When copies are stored in changesets, we need a changeset-centric
version of mergecopies() just like we have a changeset-centric version
of pathcopies(). I think the natural way of thinking about
mergecopies() is in terms of pathcopies() from the base to each of the
commits. So if we can rewrite mergecopies() based on two such
pathcopies() calls, we'll get the changeset-centric version for
free. That's what this patch does.
A nice bonus is that it ends up being a lot simpler. mergecopies() has
accumulated a lot of technical debt over time. One good example is the
code for dealing with grafts (the "partial/incomplete/dirty"
stuff). Since pathcopies() already deals with backwards renames and
ping-pong renames, we get that for free.
I've run tests with hard-coded debug logging for "fullcopy" and while
I haven't looked at every difference it produces, all the ones I have
looked at seemed reasonable to me. I'm a little surprised that no more
tests fail when run with '--extra-config-opt
experimental.copies.read-from=compatibility' compared to before this
patch. This patch also fixes the broken cases in test-annotate.t and
test-fastannotate.t. It also enables the part of test-copies.t that
was previously disabled exactly because mergecopies() needed to get a
One drawback of the rewritten code is that we may now make
remotefilelog prefetch more files. We used to prefetch files that were
unique to either side of the merge compared to the other. We now
prefetch files that are unique to either side of the merge compared to
the base. This means that if you added the same file to each side, we
would not prefetch it before, but we would now. Such cases are
probably quite rare, but one likely scenario where they happen is when
moving from a commit to its successor (or the other way around). The
user will probably already have the files in the cache in such cases,
so it's probably not a big deal.
Some timings for calculating mergecopies between two revisions
(revisions shown on each line, all using the common ancestor as base):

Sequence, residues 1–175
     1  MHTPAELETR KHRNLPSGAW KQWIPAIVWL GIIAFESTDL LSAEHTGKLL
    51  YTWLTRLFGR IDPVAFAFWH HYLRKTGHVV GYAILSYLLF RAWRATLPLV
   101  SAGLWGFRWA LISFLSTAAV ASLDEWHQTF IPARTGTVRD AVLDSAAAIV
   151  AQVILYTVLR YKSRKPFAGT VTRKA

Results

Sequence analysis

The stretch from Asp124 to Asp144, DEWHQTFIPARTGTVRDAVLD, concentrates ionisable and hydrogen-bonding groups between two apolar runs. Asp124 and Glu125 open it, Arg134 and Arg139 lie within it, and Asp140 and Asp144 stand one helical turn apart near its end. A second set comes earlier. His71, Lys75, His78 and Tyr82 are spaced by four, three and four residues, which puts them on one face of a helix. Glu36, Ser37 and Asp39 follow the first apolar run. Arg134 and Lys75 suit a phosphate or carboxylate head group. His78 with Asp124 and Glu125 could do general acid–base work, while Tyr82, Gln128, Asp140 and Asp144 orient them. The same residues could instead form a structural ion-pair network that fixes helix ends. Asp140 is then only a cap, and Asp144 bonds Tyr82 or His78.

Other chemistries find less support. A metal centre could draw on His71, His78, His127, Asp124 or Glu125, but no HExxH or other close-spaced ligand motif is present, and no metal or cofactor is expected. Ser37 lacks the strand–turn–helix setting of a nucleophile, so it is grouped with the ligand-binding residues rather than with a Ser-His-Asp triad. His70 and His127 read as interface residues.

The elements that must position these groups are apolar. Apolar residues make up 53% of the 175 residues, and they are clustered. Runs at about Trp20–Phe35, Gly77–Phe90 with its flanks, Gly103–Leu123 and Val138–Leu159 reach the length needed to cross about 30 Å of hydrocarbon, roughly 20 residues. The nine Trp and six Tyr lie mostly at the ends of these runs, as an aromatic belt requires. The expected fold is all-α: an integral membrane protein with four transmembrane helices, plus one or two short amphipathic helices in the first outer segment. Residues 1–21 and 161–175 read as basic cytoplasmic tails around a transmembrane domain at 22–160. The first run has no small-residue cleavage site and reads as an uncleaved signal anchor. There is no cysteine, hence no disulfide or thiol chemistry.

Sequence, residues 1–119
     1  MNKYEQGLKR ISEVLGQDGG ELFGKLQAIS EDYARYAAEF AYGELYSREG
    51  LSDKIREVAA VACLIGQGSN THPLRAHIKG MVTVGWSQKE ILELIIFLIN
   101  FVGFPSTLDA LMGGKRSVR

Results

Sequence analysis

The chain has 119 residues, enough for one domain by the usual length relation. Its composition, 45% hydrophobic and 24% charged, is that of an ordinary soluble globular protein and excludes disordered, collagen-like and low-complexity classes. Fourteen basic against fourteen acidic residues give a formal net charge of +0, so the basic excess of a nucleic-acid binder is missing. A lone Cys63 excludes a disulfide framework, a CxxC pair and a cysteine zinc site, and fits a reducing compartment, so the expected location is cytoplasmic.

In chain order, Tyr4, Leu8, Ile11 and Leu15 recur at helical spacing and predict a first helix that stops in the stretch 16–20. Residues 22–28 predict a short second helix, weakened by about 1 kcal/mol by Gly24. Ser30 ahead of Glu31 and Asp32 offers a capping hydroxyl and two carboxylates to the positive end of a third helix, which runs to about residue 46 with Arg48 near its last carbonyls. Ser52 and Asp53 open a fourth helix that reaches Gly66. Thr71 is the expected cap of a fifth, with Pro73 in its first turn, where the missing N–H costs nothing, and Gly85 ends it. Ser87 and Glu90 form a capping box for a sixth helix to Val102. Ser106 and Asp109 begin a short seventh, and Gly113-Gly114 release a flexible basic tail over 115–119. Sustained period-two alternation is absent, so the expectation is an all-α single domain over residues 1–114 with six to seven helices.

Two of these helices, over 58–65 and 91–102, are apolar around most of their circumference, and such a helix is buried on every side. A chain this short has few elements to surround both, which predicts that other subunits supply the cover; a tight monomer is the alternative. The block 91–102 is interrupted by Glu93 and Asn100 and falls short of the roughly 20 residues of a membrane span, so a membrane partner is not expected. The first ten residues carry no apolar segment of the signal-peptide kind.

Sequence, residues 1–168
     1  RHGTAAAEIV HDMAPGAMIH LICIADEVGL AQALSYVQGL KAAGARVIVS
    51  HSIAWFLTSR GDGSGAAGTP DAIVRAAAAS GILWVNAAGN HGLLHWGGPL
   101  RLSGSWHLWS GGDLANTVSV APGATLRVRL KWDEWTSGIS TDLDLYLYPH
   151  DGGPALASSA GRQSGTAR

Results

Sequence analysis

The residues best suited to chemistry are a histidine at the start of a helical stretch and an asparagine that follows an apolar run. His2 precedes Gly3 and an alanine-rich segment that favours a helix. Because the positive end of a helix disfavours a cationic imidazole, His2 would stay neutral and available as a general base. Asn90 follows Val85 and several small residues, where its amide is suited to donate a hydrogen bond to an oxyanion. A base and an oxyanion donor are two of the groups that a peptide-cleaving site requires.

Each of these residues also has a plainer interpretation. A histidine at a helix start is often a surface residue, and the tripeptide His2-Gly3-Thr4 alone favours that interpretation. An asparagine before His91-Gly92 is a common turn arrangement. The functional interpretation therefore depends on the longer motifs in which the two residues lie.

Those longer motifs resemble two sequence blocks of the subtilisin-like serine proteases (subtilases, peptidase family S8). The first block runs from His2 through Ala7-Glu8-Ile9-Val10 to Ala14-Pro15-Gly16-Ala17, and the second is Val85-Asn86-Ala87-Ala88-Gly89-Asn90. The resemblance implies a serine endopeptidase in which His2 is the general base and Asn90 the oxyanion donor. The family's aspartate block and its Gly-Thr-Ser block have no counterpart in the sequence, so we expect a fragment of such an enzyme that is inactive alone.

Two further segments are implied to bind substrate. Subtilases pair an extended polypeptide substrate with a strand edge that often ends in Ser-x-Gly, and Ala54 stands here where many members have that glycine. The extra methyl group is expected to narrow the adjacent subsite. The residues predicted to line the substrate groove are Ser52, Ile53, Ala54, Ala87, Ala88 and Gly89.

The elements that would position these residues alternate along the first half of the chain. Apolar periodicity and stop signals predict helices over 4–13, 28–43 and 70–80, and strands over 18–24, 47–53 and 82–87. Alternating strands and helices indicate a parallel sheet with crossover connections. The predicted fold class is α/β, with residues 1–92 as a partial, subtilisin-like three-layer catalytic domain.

In the hg repo:
4.8 4.9: 0.21s -> 0.21s
4.0 4.8: 0.35s -> 0.63s
In and old copy of the mozilla-unified repo:
FIREFOX_BETA_60_BASE^ FIREFOX_BETA_60_BASE: 0.82s -> 0.82s
FIREFOX_NIGHTLY_59_END FIREFOX_BETA_60_BASE: 2.5s -> 2.6s
FIREFOX_BETA_59_END FIREFOX_BETA_60_BASE: 3.9s -> 4.1s
FIREFOX_AURORA_50_BASE FIREFOX_BETA_60_BASE: 31s -> 33s
So it's measurably slower in most cases. The most significant
difference is in the hg repo between revisions 4.0 and 4.8. In that
case it seems to come from the fact that pathcopies() uses
fctx.isintroducedafter() (in _tracefile), while the old mergecopies()
used fctx.linkrev() (in _checkcopies()). That results in a single call
to filectx._adjustlinkrev(), which is responsible for the entire
difference in time (in my repo). So we pay a performance penalty but
we get more correct code (see change in
test-mv-cp-st-diff.t). Deleting the "== f.filenode()" in _tracefile()
recovers the lost performance in the hg repo.
There were are few other optimizations in _checkcopies() that I could
not measure any impact from. One was from the "seen" set. Another was
from a "continue" when the file was not in the destination manifest
(corresponding to "am" in _tracefile).
Also note that merge copies are not calculated when updating with a
clean working copy, which is probably the most common case. I
therefore think the much simpler code is worth the slowdown.